OPINION

There’s always the sun…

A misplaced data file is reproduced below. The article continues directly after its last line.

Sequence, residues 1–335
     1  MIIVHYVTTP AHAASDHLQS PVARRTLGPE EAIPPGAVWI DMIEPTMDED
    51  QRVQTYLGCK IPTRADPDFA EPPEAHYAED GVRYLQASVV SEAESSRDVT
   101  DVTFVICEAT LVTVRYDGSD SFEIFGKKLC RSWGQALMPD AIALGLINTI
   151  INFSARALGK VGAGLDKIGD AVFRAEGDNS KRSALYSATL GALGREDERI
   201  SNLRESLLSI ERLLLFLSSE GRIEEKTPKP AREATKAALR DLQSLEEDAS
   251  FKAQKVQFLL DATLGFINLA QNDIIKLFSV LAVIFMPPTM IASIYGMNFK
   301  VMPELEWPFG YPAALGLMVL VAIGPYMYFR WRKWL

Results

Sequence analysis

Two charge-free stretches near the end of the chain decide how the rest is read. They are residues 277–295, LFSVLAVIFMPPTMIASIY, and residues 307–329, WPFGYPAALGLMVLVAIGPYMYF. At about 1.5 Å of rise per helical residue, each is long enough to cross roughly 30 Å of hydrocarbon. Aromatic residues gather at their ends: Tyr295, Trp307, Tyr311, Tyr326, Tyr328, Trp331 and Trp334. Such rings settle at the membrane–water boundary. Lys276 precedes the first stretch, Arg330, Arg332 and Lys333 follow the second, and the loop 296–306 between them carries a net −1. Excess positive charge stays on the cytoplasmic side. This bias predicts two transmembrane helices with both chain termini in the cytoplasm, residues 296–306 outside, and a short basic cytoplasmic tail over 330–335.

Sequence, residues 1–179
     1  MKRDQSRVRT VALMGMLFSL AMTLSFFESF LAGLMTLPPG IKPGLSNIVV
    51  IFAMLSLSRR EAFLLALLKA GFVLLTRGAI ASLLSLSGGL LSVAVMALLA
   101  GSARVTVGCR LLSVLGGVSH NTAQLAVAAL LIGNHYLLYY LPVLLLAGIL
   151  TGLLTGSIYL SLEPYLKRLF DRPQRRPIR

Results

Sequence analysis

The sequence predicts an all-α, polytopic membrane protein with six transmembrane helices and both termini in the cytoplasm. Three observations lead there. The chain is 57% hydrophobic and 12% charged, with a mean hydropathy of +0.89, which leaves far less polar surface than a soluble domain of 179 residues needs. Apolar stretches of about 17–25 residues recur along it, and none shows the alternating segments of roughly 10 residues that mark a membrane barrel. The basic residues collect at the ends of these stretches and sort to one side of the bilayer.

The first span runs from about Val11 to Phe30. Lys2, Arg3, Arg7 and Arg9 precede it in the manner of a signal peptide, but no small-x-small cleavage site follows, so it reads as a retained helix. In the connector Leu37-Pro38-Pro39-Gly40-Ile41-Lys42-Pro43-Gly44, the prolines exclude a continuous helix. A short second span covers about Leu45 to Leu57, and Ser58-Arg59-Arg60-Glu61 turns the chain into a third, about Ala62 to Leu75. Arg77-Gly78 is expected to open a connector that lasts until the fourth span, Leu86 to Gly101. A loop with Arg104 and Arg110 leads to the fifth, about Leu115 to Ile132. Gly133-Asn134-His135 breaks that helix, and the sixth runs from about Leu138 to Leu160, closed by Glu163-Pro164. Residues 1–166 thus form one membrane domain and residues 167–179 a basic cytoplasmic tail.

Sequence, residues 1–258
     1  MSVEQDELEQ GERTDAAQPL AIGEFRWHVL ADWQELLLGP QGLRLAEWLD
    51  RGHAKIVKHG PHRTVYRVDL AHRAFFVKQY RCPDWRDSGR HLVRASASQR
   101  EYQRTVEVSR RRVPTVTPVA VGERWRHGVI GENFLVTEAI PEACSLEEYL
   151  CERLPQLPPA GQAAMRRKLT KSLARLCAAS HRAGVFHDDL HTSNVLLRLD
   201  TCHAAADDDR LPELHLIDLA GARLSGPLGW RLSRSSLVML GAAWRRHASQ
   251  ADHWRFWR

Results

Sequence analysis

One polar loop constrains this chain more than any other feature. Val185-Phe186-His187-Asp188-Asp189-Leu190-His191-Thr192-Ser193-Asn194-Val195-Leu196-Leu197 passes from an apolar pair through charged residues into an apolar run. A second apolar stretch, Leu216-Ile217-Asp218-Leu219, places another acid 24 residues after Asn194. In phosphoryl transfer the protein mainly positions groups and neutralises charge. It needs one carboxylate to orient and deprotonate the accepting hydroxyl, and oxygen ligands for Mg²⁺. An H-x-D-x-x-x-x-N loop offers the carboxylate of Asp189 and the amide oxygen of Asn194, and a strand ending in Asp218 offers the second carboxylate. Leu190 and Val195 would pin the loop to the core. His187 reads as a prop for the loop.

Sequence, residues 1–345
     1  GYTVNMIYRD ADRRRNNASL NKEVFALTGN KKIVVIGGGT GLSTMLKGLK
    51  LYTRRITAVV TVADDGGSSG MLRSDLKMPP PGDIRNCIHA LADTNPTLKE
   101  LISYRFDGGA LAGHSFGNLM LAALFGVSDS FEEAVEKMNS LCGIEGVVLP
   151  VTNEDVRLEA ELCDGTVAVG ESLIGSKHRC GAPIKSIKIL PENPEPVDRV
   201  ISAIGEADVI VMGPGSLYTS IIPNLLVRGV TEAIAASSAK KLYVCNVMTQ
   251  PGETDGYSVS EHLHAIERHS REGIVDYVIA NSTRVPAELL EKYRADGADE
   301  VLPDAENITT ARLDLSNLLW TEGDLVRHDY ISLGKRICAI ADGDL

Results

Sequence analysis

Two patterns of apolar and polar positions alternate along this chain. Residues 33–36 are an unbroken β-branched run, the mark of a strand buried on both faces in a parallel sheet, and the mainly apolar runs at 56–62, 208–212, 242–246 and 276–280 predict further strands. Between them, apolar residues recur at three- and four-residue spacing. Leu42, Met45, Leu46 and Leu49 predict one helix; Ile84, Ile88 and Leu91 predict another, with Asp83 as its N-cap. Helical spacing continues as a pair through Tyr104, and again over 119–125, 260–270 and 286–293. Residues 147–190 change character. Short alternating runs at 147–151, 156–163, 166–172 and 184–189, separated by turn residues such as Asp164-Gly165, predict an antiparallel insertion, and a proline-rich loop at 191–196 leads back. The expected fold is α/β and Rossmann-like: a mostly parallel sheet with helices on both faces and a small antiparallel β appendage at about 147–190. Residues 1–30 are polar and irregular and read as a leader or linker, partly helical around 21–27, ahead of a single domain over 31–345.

Thank God for the unseasonably good weather. Although it looks like the freakishly fair conditions won’t last, I’m pretty sure that the crisis, and its attendant miseries, would be much harder to bear without the obstinately present Athens sun. One morning this week, I grabbed my purse, put on my headphones and set off to do some errands. My hurried pace slackened into a stroll under the warm rays of a distinctly spring-like day. Suddenly the fate of my scant savings, my mortgage, and even my job didn’t seem of such pressing concern. The mounds of trash stacked up against overflowing garbage dumpsters didn’t look as miserable as they would have done under a gray sky. The neighborhood cats nosing through the refuse in search of scraps and basking on doorsteps appeared positively blissful. In cafes, elderly men sat in the pose favored by many senior citizens: legs stretched wide open, clicking away at worry beads. A group of younger men sat at one table, eyeing up female pedestrians carrying bags of groceries purchased from local stores. Thankful that some Athens neighborhoods have preserved their traditional flavor, I cast my mind back to the early 2000s when the dream of prosperity was still alive. Unfortunately that dream peaked with the Olympic Games in 2004 – an extravaganza that only added to the country’s ballooning debts. Arriving home after my errands, in a much better mood than when I’d left, I switched on the television to check the news. Apart from some noises of encouragement by a visiting European commissioner, there was nothing of great interest. Looking for something lighter, I changed channels – always a mistake, I have learned. An overdressed presenter and a posse of commentators were giggling hysterically in a brashly colored studio adorned with glitter and baubles. Apart from reminding me that Christmas is imminent, the spectacle also stirred another, less cheering, thought. Watching the presenter and her guests appraise a rack of skimpy outfits that «men like to see on women who are not their wives,» I wondered what the going rate was for a panel parasite. I’m sure it’s much higher than the wages of hundreds of employees at private firms that are getting the ax or working double shifts to cover for sacked colleagues. Switching off the TV, I got dressed, put my headphones back on and set off for the office. Inspired by the gorgeous weather, no doubt, the radio DJ had put on an old 80s track – «Always the Sun» by the Stranglers. It reminded me of better days but also of certain enduring injustices. As the song says: «Who gets to say? Who gets to work and who gets to play? I was always told at school, everybody should get the same.»